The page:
Big-character Poster

During the Cultural Revolution, a main form of “discussion” was thru big-character posters (dà-zì-bào). They were wall-mounted posters filled with large-sized Chinese characters typically handwritten using Chinese brush. The authors used these posters to pledge allegiance, praise the leaders, display political views, and attack whoever was the denunciated enemy at the time (usually with a red-ink-cross over the person’s name). The following picture is from the website From Mao to Now to give an idea of what they look like.


In fact, a key trigger of the Cultural Revolution was the publication of a dà-zì-bào on May 25, 1966, by Nie Yuanzi and others at Peking University, claiming that the university was controlled by bourgeois anti-revolutionaries. The poster came to the attention of Mao, hence started the revolution.

My mom was in the university at that time, and these posters appeared all over the campus. Everybody had to write and post something, otherwise he or she would be accused of passive resistence. So, like everyone else, she ‘published’ a poster on the wall in the dining hall. Two days later, as she was preparing for a show, someone called her to a meeting. She asked if it could wait till after she performed, the answer was no.

The meeting room was filled with important people – university officials and security personnel and Party investigators. It must be something really bad but my mom didn’t have a clue. It soon came out that someone saw a big red-ink-cross over Mao’s name (!!!) on a poster. And the poster happened to be my mom’s.

She felt dizzy and her mind went blank. She was nervous and scared. This was no joking. If they decided that she was guilty, she would definitely be condemned as an anti-revolutionist and her future and life would be over. After the initial shock, she argued that the poster was already out in a public place and hundreds of people had passed by or stood in front of it, anyone could have done it (say, at night, when nobody was around). It was a good argument but the investigators couldn’t let it go so easily. So they kept asking her questions – her whereabouts the night before, if she had any enemies, etc. The meeting went on for three hours and didn’t go anywhere.

As my mom took a closer look at the trouble-making poster, she observed something interesting. The red-ink-cross over Mao’s name looked different from the other red-ink-crosses (over enemies’ names) that she herself put on the poster. The color was a little off, and the strokes were different (Chinese brush strokes show the forces/movements/directions quite clearly). After she pointed this out to the investigators, they were satisfied that it proved my mom’s innocence and let her go.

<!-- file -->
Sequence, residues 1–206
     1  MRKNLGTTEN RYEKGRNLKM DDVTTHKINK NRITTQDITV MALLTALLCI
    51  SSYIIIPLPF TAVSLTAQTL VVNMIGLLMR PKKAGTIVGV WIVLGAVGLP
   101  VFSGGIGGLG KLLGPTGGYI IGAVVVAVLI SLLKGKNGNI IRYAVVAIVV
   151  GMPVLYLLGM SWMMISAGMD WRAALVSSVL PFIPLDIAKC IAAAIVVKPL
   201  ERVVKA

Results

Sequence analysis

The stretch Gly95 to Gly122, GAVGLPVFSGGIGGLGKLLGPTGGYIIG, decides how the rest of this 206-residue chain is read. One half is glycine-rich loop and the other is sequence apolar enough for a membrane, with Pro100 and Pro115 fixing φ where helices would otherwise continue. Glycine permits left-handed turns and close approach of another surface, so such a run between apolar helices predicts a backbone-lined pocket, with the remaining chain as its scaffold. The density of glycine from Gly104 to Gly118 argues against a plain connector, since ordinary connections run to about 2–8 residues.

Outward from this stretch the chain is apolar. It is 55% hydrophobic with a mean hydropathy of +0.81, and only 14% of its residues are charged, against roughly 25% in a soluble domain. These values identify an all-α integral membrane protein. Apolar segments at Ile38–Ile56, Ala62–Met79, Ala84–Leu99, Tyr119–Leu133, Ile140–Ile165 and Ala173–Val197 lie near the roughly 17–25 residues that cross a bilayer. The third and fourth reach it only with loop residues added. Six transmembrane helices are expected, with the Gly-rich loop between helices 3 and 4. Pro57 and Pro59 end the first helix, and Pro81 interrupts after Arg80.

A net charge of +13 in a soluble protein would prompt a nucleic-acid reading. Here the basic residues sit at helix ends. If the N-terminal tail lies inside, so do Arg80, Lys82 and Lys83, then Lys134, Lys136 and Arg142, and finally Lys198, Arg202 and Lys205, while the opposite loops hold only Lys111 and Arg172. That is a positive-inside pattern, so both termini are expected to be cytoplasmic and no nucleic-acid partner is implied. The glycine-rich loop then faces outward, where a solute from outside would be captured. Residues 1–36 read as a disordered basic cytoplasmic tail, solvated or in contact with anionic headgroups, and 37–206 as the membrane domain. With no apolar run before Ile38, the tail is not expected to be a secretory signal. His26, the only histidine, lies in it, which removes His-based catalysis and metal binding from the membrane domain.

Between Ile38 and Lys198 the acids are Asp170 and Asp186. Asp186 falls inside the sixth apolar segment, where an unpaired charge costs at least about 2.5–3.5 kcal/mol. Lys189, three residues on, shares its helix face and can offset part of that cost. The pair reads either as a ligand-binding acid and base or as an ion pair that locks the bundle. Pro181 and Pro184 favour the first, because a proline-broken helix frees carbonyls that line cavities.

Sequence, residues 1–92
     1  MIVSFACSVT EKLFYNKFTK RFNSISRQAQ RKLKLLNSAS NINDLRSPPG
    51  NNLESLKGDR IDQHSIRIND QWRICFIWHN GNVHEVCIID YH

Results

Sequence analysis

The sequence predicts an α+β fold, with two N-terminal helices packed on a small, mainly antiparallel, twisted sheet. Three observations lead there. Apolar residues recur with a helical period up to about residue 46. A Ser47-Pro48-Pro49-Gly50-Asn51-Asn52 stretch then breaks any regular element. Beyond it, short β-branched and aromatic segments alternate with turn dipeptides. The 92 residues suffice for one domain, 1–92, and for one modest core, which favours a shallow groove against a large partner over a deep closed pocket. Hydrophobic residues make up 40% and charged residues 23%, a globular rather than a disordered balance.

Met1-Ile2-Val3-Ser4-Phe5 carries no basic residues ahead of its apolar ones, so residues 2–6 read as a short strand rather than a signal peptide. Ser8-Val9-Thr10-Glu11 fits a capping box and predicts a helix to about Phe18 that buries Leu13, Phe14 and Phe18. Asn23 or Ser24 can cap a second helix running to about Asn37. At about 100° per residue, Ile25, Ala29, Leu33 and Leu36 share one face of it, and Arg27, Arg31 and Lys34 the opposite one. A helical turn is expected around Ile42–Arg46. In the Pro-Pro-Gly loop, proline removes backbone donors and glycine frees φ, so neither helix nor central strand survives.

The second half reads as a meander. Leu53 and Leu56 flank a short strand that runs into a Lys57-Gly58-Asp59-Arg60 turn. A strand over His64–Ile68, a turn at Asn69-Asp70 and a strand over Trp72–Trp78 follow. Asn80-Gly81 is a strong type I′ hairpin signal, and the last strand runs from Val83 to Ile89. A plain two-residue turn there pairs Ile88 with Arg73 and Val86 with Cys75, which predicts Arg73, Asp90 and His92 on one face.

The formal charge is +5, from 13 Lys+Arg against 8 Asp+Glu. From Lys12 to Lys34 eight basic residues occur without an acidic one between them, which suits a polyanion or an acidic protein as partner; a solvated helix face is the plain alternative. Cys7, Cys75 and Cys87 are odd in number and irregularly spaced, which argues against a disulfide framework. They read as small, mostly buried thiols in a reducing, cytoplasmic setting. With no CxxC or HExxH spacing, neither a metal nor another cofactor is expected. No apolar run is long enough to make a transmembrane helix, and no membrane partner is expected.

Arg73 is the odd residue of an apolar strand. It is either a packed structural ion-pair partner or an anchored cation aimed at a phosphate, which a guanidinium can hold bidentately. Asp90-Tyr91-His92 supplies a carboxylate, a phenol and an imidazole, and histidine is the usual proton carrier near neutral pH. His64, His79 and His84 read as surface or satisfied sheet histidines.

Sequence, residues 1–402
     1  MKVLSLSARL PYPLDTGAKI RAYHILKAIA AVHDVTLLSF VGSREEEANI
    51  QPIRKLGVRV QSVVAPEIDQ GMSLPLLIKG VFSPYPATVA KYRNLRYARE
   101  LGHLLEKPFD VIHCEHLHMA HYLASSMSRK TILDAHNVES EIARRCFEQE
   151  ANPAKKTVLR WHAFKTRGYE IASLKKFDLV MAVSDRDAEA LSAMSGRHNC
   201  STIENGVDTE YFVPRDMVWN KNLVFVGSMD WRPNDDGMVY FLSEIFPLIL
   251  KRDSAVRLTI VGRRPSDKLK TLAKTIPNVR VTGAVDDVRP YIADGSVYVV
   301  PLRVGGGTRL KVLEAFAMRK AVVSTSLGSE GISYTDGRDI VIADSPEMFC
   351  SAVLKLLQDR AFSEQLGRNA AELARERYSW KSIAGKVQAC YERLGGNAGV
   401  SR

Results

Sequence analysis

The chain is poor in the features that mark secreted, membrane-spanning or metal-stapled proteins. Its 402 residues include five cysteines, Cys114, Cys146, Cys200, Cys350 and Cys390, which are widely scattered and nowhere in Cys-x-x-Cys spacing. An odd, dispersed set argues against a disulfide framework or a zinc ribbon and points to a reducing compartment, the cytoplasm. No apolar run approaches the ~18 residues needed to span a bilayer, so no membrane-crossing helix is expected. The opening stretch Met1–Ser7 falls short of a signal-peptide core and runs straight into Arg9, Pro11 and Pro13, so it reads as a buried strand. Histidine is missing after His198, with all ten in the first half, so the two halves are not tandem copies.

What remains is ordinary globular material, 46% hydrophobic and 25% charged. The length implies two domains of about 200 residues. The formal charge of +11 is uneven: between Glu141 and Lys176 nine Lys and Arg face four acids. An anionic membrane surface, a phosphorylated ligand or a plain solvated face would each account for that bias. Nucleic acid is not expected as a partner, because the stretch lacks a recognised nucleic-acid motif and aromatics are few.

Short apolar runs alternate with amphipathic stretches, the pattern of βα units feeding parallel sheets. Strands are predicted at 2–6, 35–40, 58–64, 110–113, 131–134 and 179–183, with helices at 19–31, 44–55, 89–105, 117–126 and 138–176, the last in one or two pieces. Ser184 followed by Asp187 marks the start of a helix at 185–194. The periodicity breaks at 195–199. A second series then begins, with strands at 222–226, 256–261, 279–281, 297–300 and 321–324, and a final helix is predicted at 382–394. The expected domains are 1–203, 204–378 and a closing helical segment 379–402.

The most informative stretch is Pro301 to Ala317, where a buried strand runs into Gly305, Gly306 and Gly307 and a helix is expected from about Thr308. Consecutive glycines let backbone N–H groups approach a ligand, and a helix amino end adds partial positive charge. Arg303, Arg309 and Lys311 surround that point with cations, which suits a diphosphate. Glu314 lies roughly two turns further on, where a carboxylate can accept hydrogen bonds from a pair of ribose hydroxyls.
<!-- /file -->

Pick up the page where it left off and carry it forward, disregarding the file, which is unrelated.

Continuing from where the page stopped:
After hearing this story, I admired my mom’s ability to keep a cool head under the stress, and chuckled at the fact that her final argument was not really any stronger than her first argument. I was glad that they didn’t give her a hard time, but realized that in those crazy times, there must have been many many cases where the victim was found guilty in the end and his/her life became a nightmare ever since.



3 thoughts on “Big-character Poster

  1. Good Morning,
    > I’m writing from Italy, I work for RAI TV , the Italian National Tv
    > Company, as editor for the program “Il Tempo e la Storia”
    > (
    > tempo-e-la-storia/104/default.aspx) produced by RAI Storia, RAI’s
    > History themed Channel.
    > At the moment we’re working at an episode dedicated to the Cultural Revolution in China scheduled for transmission in April 2016, and
    > we would like to have your authorization for using the Nie Yuanzi poster riproduction we see on the blog.
    Do you have the rights of the photo or could you tell us who have them?
    > > We ask permission and licensing to insert the photo only in this
    > episode for unlimited passages on Rai Channels and Raistoria Website not
    downloadable streaming.
    > >
    > Thank you very much for your cooperation , looking forward to hearing
    > from you
    > Best regards
    Paola Principato

    • Hi, thanks for your interest. Actually I don’t own that picture. I found it on Google and referred to the link “From Mao to Now” in my post. Seems the link no longer works. 😦 also uses this picture but
      I really don’t know who owns it. 😦 Sorry I couldn’t be of more help – I definitely don’t have a problem of your using it. 🙂
      If you search ‘big character poster’ on Google Images, you will find a ton of other pictures…

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